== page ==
"Following medical evaluation and testing he was found to have a blockage in one artery and two stents were successfully inserted." Bernie Sanders is off the campaign trail 'until further notice' after being treated for artery blockage.

5

Jamal Rats

"Here is the story, as we know it ... We're retelling it because Jamal Khashoggi's story should be heard in full. And because even if you think you know what happened, you may not know how or why." A year after the killing, Insider shares the story of Jamal Khashoggi's murder and how the world looked the other way.

6

Tattoo Soon?

"Getting a new tattoo triggers your immune system to send white blood cells called macrophages to eat invaders and sacrifice themselves to protect against infection. Your body also launches what immunologists call adaptive responses. Proteins in the blood will try to fight and disable specific invaders that they recognize as problems." Professor Christopher Lynn heads to Apia, Samoa to untangle tattoos' influence on immune response. "Regular exercise provides immune function benefits through repetition, not necessarily single visits to the gym. We think this is similar to how each tattoo seems to prepare the body for vigilance." (Editor's note: I've never met a Samoan who needed extra protection.)

7

Stone Venge

"Engineered stone took off as a popular option for countertops about a decade ago and is now one of the most common choices for kitchens and bathrooms. From 2010 to 2018, imports of the material rose about 800%. Manufacturers say the material is preferable to natural stone because it's less likely to crack or stain." The trouble is that some workers who cut and grind the engineered stone are getting sick. Really sick. NPR: Workers Are Falling Ill, Even Dying, After Making Kitchen Countertops.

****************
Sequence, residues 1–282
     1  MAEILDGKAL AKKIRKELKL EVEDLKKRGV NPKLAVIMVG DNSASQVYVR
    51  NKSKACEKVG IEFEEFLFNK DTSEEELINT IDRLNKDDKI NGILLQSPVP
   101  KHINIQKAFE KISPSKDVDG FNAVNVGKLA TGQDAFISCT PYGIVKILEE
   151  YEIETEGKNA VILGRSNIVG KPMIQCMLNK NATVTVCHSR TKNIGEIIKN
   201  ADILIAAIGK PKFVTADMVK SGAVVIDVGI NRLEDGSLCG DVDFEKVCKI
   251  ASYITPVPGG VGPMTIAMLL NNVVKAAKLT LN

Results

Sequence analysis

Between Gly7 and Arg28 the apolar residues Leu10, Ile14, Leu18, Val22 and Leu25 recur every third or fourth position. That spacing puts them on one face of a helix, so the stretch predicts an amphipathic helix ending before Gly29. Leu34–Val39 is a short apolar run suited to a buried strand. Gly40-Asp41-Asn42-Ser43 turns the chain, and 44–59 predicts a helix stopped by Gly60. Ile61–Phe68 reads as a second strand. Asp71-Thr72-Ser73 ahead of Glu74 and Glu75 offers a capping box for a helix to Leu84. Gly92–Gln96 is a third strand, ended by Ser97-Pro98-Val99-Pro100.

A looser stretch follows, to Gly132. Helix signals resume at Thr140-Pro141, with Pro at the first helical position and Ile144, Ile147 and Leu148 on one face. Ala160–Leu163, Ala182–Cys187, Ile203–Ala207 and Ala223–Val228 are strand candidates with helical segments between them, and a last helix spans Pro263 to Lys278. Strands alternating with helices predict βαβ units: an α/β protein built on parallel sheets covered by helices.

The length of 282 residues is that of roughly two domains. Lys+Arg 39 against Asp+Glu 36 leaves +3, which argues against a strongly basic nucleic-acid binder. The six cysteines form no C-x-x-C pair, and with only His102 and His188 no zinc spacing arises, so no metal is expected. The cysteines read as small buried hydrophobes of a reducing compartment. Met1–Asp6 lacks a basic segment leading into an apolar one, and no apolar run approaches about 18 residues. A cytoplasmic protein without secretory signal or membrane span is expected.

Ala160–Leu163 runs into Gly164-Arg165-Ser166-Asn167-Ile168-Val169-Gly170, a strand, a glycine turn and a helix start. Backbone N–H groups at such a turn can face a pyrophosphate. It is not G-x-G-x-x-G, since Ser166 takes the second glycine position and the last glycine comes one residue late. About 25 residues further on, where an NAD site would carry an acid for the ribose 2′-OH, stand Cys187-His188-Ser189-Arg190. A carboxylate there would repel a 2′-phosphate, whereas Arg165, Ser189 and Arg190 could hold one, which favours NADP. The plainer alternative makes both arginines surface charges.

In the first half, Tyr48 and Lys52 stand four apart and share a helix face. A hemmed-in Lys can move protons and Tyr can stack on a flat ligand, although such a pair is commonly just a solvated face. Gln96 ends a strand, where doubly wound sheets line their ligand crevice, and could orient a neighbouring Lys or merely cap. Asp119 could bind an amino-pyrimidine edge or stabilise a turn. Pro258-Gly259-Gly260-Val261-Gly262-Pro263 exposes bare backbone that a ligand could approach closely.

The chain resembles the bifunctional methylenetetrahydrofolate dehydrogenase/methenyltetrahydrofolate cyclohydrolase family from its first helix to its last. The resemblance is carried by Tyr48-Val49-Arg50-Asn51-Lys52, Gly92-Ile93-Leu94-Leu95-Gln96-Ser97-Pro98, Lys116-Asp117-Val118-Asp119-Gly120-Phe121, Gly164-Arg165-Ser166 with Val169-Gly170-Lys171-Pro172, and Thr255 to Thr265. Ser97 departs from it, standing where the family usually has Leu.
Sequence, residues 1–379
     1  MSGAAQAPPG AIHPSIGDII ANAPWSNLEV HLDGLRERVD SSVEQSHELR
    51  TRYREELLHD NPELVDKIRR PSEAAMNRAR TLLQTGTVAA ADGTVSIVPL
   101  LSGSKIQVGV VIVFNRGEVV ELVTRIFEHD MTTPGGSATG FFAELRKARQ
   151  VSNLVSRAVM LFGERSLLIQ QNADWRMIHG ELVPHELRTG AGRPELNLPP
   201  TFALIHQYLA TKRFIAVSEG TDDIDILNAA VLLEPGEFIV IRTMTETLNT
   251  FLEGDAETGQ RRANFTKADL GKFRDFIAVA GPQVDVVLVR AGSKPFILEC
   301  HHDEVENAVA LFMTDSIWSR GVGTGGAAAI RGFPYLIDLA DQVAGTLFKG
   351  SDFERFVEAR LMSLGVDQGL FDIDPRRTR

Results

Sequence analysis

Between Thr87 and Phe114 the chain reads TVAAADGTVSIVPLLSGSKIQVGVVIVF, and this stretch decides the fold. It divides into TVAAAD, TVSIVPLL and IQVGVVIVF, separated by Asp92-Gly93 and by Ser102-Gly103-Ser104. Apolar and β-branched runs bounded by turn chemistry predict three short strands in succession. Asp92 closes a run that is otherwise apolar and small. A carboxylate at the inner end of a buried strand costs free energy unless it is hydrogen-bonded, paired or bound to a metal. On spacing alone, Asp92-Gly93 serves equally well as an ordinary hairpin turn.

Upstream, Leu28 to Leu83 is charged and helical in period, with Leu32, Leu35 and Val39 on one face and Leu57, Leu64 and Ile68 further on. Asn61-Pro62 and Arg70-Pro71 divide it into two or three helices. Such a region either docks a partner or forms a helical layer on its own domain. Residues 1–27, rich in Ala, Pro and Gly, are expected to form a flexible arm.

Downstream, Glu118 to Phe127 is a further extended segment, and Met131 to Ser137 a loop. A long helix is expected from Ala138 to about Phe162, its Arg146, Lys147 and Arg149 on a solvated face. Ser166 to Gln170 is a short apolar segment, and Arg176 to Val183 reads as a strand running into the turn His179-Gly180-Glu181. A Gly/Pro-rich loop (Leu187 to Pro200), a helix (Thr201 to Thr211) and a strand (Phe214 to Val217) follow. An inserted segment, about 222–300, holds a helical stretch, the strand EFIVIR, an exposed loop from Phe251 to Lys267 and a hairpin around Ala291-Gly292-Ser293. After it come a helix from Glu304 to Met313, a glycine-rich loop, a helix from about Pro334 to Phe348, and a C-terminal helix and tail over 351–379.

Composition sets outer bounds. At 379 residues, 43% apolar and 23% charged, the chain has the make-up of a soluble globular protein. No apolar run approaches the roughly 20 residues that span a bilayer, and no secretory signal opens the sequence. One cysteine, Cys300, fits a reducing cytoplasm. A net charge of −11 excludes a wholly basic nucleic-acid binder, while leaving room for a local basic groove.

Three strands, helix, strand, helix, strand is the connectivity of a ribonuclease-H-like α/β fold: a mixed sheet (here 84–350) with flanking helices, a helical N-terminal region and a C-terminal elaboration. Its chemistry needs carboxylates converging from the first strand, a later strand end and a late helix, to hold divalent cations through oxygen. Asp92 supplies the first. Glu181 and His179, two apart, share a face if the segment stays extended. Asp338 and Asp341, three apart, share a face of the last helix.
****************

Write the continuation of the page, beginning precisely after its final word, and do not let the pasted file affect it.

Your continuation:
8

Butter Dish

"Kerrygold is unique in its power to turn consumers into unpaid, yet vigorous, brand ambassadors. Sarah Jessica Parker, the actress, and Chrissy Teigen, the model and cookbook author, have both raved about it, unsponsored, on social media. Kourtney Kardashian called for it by name in recipes published on her now-shuttered app. (Perhaps it's a 'K' thing?) Last year the actress Kate Beckinsale told People magazine that she packs Kerrygold in her suitcase when she travels." Bloomberg: Irish Butter Kerrygold Has Conquered America's Kitchens. (Unfortunately, the company has a really high churn rate.)

9

Punch Cards

"They can be found on a grassy lot more than an hour and a half from the nation's capital. If you arrive at the right time on the right weekend each month, you'll find a group of people who say they have found a way to fight gun violence that has nothing to do with studies, laws or protests. Their solution, they will tell you, is much simpler." WaPo: These men gather in backyards to settle scores — and reduce gun violence — by pummeling one another. (I always knew my kids were thought leaders...)

10

Bottom of the News

From The Guardian: America's first cannabis cafe opens in California. "While the food served will not be infused with cannabis, diners will be offered the services of a ‘flower host' who will advise how to pair different strains of marijuana with menu items." (My thumb and forefinger are the only flower hosts I need...)

+ People are typing on their smartphones almost as fast as on keyboards now.

+ A great collection of photos from the Sony World Photography Awards.